"Kitna brings you competitiveness, experience, mobility and those are some things you could say about Scott Mitchell," Lippincott said. "But with Kitna and Mitchell it probably came down to arm strength," Lippincott said. "And Jon probably has a better chance running us out of a bad play than Scott does."
After going 18-15 as a starter who led Seattle to the 1999 playoffs, Kitna signed a four-year deal this past March that contained a $4 million signing bonus and could max at $12 million.
Kitna emerged extremely upbeat Saturday. He knows the big knock on him is his NFL-leading 17 fumbles last season. He recovered one of his two fumbles Saturday and the one he lost came on a blind-side sack.
"I think the biggest thing for me at this point in the season is to be able to see the field," Kitna said. "Noticing coverages, not being surprised by things and I felt like that was a positive for me tonight.
" I think even though sometimes when you get sacked a lot of times it's not your fault, but I have to protect the football," Kitna said. "And that's such a hard thing to do because when you're trying to move, it's hard to keep two hands on the ball. You don't want fumbles. That puts your defense in a bad spot, (so I'm) trying to improve on that."
The Bengals have always liked the fact Kitna can move, but there's no question Mitchell has moved the team when he's been in there the last two games.
Mitchell produced 17 second-half points in Detroit and could have had another 17 against Buffalo in the first half if Scott caught the touchdown and Neil Rackers made a 45-yard field goal.
Everyone saw Mitchell had a touchdown pass dropped by Darnay Scott. But the film also showed he could have had the moves of Michael Vick and still not escaped a safety created by a miscommunication between left guard Matt O'Dwyer and left tackle Richmond Webb.
The tape also showed Mitchell's second interception, when he tried to hit Scott over the middle, was a blown play from when it was called.
Kitna had similar problems. He played most of his stint behind a back-up line that didn't pass protect as well as the first line. And, for example, on a key third-and-5 pass with 6:08 left in a 20-10 game, Kitna couldn't hook up with receiver Ron Dugans for the first down for a variety of reasons.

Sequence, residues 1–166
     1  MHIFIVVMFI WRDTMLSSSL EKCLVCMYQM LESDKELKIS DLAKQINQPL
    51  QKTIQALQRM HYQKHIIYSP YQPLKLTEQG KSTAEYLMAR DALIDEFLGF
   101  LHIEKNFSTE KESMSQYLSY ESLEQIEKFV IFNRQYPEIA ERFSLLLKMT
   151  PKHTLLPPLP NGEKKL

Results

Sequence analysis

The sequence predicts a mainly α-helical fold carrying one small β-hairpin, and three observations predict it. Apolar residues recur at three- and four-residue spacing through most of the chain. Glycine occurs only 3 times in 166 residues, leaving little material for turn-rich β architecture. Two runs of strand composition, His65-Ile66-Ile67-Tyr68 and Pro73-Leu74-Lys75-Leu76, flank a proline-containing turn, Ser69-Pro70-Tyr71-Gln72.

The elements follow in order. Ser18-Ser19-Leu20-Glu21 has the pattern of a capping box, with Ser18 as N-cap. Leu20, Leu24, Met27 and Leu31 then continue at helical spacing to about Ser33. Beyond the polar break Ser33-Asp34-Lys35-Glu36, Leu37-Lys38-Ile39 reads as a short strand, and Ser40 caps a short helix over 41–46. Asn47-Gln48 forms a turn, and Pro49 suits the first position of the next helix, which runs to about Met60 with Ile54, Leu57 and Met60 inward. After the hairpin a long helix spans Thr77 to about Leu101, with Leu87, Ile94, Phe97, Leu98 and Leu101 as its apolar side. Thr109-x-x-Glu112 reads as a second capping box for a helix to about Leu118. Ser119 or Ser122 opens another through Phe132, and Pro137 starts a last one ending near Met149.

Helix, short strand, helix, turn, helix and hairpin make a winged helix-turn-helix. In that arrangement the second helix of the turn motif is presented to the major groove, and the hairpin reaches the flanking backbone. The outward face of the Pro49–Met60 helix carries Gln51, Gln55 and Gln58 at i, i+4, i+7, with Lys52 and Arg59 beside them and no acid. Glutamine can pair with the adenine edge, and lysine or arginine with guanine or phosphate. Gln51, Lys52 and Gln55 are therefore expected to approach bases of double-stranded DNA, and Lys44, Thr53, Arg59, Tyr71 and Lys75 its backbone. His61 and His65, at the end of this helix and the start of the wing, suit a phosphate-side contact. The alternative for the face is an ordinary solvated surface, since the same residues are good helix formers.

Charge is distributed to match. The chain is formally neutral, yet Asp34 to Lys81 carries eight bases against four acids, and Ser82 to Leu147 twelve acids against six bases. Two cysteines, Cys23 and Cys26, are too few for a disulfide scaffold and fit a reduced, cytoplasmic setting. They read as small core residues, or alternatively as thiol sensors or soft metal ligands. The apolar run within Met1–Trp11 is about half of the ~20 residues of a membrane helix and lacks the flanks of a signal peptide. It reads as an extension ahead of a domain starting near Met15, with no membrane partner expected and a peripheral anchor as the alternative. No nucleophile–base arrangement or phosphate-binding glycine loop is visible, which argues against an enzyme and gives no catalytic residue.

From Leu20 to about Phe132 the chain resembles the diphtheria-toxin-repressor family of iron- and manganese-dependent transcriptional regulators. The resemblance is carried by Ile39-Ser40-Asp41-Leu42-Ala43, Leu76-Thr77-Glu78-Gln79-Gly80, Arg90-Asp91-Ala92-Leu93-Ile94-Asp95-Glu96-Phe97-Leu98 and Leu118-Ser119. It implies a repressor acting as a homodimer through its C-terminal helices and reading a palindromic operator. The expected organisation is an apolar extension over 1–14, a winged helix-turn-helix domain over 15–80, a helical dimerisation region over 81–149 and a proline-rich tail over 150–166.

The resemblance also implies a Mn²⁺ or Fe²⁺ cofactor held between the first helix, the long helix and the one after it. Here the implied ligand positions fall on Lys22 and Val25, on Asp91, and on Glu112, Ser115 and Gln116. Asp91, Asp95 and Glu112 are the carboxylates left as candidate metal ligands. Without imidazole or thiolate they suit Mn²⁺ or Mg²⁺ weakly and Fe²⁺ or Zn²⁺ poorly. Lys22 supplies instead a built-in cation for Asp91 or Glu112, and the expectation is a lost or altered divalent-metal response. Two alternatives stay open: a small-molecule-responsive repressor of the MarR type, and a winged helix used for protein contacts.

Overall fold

It looked like Kitna underthrew Dugans at about the Buffalo 30. But the coaches wish Dugans had run a crisper route and not been so deep. Kitna didn't blame Dugans. He thinks it's just a matter of getting used to his new receivers.
"I was trying to anticipate him when he was coming out of his break and I threw it and he obviously went a couple of yards deeper than I anticipated," Kitna said.
If Kitna flashed the scout's knocks on him, so did Mitchell with a wobbly pass on an out pattern to receiver Danny Farmer that got intercepted and nearly run back for a touchdown. Mitchell's arm strength has been questioned by scouts since his Detroit days, when a similar pass ended up in the hands of the Bengals' Corey Sawyer in overtime that gave Cincinnati a win in 1998.
Mitchell has pockets of support on an offense that remembers the pro's pro stability he brought last year. Kitna's arm and competitiveness also have their legions.
After charting every drop step and pass of minicamp, voluntary camp, and training camp, a decision has been processed.
"Very," Bratkowksi said.
Meanwhile, Smith asked the training staff again Sunday to give him a shot of cortisone in his right shoulder, which has a mild case of tendinitis. Again, he was turned down.
"It's not safe in the long term," said trainer Paul Sparling said. "You don't do that to a tendon."